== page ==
24 Jan Ketamine Offers Options
What is Ketamine?
Ketamine provides an option for people who have not found relief through other treatments. One of its most promising features, and one that sets it apart from traditional antidepressants, is an extremely rapid onset. Depressive symptoms tend to improve within just 24 to 72 hours—a huge improvement over the 6-12 week waiting period of other medications. While it doesn’t work for everyone, Ketamine’s success rate of 85% is almost double that of traditional antidepressants (45%). It’s also highly effective in patients with treatment-resistant depression, even if their symptoms have persisted for decades without relief.
Ketamine is an anesthetic drug that blocks pain. It was first developed in the 1960s and was used to operate on soldiers during the Vietnam War. In 2000, researchers started studying Ketamine as a treatment for depression. As an antidepressant, Ketamine’s S-enantiomer, or “esKetamine,” has twice been designated a “breakthrough therapy” by the FDA. In August 2016, it was fast-tracked for development as a viable medication.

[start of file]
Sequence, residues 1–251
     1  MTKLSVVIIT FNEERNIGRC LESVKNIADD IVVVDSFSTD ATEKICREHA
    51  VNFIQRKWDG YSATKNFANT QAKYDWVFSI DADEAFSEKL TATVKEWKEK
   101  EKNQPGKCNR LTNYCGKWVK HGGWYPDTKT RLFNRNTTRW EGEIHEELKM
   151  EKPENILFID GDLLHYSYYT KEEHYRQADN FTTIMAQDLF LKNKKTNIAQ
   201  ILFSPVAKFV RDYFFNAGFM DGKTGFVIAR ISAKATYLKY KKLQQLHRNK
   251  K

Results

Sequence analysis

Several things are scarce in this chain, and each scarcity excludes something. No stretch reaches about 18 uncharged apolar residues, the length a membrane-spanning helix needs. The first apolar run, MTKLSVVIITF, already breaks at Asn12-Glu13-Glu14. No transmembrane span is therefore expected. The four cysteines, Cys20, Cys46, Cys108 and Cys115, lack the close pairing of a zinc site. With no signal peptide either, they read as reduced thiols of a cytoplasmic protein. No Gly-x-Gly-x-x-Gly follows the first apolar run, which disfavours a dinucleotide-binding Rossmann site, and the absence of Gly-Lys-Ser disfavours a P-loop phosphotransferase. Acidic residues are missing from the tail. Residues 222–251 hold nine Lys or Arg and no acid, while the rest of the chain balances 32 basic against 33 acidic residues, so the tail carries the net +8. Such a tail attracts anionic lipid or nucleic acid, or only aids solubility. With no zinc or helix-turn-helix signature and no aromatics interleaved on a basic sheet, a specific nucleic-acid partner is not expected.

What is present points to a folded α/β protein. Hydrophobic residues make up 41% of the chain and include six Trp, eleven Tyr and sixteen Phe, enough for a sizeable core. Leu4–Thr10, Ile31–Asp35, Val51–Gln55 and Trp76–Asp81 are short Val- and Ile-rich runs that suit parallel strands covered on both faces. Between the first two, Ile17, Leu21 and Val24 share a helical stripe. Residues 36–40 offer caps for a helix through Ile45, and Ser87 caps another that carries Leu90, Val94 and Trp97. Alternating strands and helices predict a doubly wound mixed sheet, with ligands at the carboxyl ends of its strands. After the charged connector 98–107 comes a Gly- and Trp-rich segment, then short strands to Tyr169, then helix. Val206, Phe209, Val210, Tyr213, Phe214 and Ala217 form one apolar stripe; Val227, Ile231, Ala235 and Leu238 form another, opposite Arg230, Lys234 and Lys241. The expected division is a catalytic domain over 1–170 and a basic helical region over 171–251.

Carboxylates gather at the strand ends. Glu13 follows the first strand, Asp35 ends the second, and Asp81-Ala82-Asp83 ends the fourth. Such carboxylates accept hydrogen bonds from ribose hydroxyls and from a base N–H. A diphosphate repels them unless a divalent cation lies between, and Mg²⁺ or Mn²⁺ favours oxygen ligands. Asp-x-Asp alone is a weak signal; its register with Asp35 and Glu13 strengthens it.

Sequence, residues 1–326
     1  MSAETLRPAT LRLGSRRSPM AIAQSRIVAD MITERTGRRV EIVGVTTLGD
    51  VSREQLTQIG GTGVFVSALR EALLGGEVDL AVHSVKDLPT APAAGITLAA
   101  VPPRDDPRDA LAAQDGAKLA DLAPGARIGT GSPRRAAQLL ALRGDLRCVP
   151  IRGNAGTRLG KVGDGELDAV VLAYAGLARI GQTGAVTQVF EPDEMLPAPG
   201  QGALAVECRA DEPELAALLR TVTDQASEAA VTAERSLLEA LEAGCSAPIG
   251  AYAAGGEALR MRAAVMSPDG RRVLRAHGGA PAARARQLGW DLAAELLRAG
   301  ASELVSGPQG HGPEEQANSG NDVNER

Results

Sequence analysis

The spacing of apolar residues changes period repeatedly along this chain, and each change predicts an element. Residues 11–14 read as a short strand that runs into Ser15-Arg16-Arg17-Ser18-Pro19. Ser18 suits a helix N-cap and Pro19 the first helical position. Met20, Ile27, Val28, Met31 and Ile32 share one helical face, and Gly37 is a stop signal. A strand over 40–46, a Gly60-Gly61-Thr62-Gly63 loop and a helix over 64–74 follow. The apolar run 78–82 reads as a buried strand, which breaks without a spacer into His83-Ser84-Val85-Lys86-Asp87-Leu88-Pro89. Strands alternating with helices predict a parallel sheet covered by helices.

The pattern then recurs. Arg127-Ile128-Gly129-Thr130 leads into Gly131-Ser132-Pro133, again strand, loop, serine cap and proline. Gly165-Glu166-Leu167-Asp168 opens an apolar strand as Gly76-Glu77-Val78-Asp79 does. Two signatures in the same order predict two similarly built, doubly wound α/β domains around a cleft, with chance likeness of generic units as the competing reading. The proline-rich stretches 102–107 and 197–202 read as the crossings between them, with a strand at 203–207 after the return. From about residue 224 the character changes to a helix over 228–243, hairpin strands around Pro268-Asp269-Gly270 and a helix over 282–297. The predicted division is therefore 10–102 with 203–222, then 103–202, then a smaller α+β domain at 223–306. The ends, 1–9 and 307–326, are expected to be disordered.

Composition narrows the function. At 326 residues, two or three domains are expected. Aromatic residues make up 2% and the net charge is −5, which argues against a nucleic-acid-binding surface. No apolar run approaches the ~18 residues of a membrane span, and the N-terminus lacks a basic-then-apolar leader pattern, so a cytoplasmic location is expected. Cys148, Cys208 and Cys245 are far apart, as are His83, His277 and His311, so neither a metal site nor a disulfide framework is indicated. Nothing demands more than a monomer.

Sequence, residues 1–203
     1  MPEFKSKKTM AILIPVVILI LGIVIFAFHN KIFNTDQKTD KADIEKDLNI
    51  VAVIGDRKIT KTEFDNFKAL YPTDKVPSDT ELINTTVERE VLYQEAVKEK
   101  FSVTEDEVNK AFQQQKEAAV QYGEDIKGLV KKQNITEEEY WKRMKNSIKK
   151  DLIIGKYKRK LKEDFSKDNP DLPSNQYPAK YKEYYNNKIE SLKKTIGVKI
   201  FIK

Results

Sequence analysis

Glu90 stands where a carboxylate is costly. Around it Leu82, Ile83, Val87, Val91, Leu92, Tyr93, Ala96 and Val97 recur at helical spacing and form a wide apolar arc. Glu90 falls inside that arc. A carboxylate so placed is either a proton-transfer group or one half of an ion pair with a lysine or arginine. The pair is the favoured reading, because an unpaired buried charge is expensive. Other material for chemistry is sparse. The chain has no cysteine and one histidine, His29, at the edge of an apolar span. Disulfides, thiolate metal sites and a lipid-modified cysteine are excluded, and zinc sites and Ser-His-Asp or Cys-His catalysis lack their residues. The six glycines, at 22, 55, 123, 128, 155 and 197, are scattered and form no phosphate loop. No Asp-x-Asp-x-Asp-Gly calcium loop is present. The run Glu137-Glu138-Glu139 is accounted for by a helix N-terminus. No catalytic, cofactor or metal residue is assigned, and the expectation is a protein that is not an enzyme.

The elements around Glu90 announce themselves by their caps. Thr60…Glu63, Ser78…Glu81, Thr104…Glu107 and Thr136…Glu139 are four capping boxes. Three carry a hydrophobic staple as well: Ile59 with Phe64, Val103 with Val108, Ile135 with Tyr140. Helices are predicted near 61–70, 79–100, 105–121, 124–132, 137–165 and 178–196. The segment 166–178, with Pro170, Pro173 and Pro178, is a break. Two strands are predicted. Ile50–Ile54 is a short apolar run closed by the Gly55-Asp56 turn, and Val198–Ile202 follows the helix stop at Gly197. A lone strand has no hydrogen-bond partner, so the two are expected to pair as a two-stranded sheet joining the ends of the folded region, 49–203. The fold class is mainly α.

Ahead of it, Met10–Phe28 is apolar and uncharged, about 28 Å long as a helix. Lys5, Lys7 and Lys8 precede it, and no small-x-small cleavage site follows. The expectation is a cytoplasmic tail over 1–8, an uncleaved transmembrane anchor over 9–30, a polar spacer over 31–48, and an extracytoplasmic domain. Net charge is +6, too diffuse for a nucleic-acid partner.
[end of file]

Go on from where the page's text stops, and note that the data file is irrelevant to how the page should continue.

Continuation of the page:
What is Ketamine used to treat?
Ketamine is FDA-approved as an anesthetic for surgery and diagnostic procedures. It’s also used to treat depression, fibromyalgia, migraines, post-traumatic stress disorder (PTSD), OCD, ADHD, anxiety other mood disorders, and nerve-related pain.
Ketamine also shows promise in the treatment of addiction. Recent studies have linked Ketamine’s antagonism of NMDA receptors to destabilizing and even erasing memories that reinforce drinking. The drug has helped heroin addicts abstain following release from rehab.
How does it work?
Researchers don’t know exactly how Ketamine works to treat depression, but they have some ideas. Unlike antidepressants, which work by shifting the balance of brain chemicals like serotonin and dopamine, Ketamine is thought to change the way brain cells communicate with each other. Ketamine blocks a type of receptor in the brain, known as NMDA, thought to play a role in depression. Recent studies find that Ketamine can have long-lasting effects on depression, even though the drug only stays in the body a short time. Ketamine also acts on other brain receptors — like opioid receptors, which affect pain and depression.
How can it help me?
Usually, Ketamine is given as an IV into a vein, which is the quickest route for the medicine to get to the brain. Most people start with about six doses over a period of one to two weeks, and then get booster IVs thereafter. Dr. Sambunaris will work with you to determine the best protocol for your situation. You may need to continue treatments for a year or more to see long-term results.
Dr. Sambunaris is a leader in this cutting-edge treatment here in Atlanta. To learn more, and see if Ketamine treatment might be an option for you, visit our site TrekMedical.org or call us at 678-580-6700.